I do not have any illusions of a grand escape. It doesn’t have to be great, is what I mean. The smaller instances qualify equally well in my opinion, if not more.
The surprise of not running into a maddening traffic jam on my daily commute, getting through a tiring yet strong run on a lethargic morning, the satisfaction in typing out an elegantly worded e-mail, watching a sudden shower paint the dusty trees green, running into an old friend in an unexpected fashion – or even an impromptu WhatsApp conversation with someone I haven’t heard from in a while. There are a multitude of these tiny windows of ‘escape’ that grace your day more often than you think. The trick is in being able to recognize one as it unfurls.
There is an inherent need for escape that keeps surfacing in all of us. Why else would you think the whole world today reaches for their phones every few minutes? A quick glance through the WhatsApp groups, a sneak peek into the Facebook feed, a few tittering minutes spent on Twitter, or an instant of Instagram. Technology has made it easier than ever to ‘get away’ today.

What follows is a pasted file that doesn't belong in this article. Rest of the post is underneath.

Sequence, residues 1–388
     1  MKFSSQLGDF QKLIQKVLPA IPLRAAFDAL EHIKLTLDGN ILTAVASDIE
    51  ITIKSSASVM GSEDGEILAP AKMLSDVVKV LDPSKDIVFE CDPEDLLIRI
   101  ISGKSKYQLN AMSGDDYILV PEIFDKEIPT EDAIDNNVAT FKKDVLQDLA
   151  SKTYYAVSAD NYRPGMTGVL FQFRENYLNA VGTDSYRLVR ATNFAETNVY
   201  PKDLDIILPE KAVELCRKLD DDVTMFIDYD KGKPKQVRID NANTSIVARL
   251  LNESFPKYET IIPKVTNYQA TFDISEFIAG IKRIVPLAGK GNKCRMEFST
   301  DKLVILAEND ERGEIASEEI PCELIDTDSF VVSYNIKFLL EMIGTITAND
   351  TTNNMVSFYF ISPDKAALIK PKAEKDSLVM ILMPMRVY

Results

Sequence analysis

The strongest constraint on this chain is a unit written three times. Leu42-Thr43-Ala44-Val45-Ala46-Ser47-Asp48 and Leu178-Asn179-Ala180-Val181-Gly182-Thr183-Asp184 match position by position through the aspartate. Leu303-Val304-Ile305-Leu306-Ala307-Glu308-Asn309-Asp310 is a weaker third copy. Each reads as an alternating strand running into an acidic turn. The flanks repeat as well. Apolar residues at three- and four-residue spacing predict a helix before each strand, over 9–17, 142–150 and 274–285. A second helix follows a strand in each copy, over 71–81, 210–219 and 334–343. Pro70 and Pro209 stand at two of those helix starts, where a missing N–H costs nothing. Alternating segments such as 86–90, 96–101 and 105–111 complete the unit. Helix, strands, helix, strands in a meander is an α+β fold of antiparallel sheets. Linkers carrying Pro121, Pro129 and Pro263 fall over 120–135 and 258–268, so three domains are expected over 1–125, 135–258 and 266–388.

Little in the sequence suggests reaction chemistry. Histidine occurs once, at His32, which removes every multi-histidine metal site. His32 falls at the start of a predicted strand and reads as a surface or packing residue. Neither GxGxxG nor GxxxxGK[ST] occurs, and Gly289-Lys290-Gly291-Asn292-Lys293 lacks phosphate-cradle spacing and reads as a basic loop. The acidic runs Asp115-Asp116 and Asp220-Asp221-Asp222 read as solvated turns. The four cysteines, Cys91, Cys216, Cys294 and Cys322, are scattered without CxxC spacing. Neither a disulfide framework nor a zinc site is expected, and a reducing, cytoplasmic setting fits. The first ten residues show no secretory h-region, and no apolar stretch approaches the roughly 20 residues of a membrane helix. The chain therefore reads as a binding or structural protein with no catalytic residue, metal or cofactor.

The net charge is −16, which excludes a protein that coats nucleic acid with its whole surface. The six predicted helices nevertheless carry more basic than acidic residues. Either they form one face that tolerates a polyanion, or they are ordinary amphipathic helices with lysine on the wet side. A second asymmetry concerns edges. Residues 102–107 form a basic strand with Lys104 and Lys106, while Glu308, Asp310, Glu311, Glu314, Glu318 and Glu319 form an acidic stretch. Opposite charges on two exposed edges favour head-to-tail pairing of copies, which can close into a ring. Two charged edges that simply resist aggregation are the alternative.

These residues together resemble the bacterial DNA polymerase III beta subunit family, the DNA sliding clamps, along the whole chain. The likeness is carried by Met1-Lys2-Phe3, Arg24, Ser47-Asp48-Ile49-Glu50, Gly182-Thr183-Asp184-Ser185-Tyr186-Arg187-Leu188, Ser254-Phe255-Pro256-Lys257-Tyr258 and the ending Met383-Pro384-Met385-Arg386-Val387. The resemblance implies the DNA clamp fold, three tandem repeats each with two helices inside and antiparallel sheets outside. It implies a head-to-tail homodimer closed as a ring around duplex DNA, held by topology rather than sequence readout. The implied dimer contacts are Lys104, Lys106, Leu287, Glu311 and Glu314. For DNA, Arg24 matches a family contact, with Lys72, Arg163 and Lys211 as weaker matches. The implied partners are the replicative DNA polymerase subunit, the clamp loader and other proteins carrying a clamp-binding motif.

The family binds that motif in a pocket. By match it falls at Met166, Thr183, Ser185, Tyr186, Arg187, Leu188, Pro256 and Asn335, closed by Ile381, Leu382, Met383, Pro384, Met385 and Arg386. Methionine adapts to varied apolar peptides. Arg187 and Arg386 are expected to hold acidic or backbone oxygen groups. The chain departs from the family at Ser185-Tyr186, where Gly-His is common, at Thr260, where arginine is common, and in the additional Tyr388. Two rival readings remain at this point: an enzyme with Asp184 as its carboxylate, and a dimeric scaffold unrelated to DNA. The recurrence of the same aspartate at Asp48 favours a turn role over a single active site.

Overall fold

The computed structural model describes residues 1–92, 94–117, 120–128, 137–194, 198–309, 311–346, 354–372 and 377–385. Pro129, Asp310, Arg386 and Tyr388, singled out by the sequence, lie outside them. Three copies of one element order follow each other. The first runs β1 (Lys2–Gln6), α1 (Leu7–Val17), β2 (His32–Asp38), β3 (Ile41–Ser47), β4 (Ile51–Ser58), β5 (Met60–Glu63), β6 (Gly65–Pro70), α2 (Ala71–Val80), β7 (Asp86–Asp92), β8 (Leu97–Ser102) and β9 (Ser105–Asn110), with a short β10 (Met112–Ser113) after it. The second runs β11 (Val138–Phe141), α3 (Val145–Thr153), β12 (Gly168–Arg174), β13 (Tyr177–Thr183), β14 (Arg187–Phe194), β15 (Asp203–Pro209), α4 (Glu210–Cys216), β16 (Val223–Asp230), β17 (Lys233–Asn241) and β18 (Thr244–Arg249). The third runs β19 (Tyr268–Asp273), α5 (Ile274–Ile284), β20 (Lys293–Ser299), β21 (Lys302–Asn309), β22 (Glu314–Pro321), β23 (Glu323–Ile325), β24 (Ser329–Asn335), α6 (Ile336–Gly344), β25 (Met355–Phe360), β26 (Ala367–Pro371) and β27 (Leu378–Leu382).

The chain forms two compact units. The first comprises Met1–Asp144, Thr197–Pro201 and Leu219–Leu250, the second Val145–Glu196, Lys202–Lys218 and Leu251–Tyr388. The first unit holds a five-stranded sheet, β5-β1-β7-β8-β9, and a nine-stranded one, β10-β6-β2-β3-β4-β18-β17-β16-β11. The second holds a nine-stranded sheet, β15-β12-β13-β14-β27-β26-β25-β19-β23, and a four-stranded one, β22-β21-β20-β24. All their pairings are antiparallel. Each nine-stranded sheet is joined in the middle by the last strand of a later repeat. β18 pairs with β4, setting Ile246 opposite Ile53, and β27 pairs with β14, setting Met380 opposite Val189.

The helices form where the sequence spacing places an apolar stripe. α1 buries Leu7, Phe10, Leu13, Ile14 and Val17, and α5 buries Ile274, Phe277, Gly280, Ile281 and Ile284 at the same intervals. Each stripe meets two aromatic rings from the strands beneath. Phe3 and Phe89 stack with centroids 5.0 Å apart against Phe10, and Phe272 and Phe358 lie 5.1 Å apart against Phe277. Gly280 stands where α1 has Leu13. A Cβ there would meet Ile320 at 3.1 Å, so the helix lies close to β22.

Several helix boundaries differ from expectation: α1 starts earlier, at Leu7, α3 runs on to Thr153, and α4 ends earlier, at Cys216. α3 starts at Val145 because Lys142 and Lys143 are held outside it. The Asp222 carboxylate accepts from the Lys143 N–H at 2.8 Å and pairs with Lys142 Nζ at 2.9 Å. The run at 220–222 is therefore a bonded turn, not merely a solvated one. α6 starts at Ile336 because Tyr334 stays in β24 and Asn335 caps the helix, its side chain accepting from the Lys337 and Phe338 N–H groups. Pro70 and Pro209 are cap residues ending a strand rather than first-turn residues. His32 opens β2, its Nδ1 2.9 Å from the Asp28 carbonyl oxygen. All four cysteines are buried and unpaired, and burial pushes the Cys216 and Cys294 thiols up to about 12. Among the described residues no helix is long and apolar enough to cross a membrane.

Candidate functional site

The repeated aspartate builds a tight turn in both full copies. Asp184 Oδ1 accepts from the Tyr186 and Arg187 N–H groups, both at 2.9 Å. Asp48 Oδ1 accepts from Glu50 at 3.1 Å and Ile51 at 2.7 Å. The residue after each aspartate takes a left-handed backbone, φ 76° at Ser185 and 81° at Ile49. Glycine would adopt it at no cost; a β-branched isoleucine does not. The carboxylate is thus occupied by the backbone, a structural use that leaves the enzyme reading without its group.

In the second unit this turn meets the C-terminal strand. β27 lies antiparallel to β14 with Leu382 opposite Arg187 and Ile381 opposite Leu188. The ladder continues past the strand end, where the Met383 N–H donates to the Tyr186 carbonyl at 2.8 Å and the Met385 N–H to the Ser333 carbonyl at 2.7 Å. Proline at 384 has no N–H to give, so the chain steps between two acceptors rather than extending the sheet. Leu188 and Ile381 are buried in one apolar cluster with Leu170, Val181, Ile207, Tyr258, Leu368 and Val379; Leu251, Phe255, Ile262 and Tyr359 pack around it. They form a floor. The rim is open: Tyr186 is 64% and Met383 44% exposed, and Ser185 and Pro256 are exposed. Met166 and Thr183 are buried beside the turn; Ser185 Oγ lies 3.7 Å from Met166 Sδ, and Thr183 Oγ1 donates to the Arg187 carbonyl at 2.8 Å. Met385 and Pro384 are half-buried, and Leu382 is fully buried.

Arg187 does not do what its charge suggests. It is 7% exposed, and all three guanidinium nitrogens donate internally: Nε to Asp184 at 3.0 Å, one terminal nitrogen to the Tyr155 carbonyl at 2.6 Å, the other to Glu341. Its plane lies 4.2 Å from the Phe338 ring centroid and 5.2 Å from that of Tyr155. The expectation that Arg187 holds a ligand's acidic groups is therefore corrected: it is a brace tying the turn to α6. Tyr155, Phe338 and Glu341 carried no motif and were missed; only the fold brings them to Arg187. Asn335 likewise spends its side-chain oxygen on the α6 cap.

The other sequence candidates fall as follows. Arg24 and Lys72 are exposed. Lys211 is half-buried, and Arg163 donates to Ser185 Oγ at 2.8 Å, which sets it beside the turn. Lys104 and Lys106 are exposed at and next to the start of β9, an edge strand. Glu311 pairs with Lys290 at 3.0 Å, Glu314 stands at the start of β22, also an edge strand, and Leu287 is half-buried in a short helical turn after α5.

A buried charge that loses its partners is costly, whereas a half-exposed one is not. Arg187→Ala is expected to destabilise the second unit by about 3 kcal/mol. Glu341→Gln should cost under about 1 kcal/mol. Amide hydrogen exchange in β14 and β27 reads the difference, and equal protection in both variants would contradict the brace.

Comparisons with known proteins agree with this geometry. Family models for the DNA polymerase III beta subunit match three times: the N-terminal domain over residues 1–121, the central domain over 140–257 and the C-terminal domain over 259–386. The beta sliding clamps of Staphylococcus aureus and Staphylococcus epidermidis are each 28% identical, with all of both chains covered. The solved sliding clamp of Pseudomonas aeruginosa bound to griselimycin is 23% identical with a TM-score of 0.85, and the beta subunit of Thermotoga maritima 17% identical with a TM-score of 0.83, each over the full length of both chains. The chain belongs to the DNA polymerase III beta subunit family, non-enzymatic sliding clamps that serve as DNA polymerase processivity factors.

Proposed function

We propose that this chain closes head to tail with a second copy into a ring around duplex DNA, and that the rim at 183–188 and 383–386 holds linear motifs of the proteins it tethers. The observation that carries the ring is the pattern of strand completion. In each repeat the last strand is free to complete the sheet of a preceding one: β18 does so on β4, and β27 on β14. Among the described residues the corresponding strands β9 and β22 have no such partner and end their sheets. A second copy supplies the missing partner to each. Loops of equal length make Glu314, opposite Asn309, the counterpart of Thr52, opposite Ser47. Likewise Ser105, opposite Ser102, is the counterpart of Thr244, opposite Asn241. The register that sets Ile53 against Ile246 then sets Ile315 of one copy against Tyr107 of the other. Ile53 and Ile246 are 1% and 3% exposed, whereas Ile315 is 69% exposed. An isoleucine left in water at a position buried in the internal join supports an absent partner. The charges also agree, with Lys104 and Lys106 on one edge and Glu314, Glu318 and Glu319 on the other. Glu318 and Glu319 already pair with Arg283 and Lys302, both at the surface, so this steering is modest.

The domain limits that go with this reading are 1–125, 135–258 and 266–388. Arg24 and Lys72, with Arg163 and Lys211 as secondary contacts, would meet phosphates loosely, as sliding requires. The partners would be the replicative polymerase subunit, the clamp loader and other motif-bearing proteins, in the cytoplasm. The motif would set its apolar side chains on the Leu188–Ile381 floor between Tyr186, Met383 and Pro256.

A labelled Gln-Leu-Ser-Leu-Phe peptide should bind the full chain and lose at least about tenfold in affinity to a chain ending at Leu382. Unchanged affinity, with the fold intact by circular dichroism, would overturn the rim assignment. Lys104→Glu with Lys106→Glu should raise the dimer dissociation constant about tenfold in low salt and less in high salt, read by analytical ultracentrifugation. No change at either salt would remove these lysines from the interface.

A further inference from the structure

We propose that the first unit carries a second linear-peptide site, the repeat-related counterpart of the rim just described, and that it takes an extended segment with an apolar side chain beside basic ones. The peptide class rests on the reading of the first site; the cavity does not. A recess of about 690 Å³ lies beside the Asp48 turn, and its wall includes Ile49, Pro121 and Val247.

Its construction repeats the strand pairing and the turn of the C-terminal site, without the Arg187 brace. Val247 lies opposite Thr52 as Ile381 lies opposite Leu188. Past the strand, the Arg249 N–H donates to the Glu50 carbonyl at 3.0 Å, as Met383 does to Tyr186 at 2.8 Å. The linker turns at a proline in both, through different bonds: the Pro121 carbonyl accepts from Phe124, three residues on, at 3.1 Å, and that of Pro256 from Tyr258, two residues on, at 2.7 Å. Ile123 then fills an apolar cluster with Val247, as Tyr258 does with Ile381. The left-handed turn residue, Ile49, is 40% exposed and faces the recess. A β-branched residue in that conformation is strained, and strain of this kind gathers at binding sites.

This is more of an interruption though, the way I see it. A distraction is not quite the same as an escape – one will interrupt your chain of thought and leave you a little confused, while the other will pop a productive thought into your head, and allow you to come back enthused. One will tear you away from what you’re doing, while the other may not. Despite the connotations of the word, an escape need not be always be detached from what you’re doing otherwise.
I feel it all the time. Not having to constantly worry about what I’m saying or doing, in light of what someone else might construe it to be, having a conversation in which I’m being understood exactly the way I want to be, being silent just because, well, I can be – In a way, just the simple act of being able to be myself. That possibly would count as the most welcome escape today – being able to let down your guard and rid yourself of those ‘societal’ garbs that you don all the time, not knowing when you’ll be able to slip out of them and relax in your own skin.
Escape, in that sense, is just like effort – it is the little bits that matter. My grand plans of taking a mammoth swing at the task at hand when I’m ‘ready for it’ almost always fail to materialize. However, taking little stabs at it as and when possible, keeping the ball moving whenever I can, ensuring continuity in the form of small ‘packages’ of effort that eventually add up, seems to work pretty well. That way, one doesn’t even truly realize how something got done. The magic just adds up.
The value of small is vastly underrated. A much awaited coffee break in the middle of a grueling work-day makes so much more of a difference than you may credit it with. Of course, I’m sure a two week Euro trip is not without merit either. But for that, there’s MasterCard.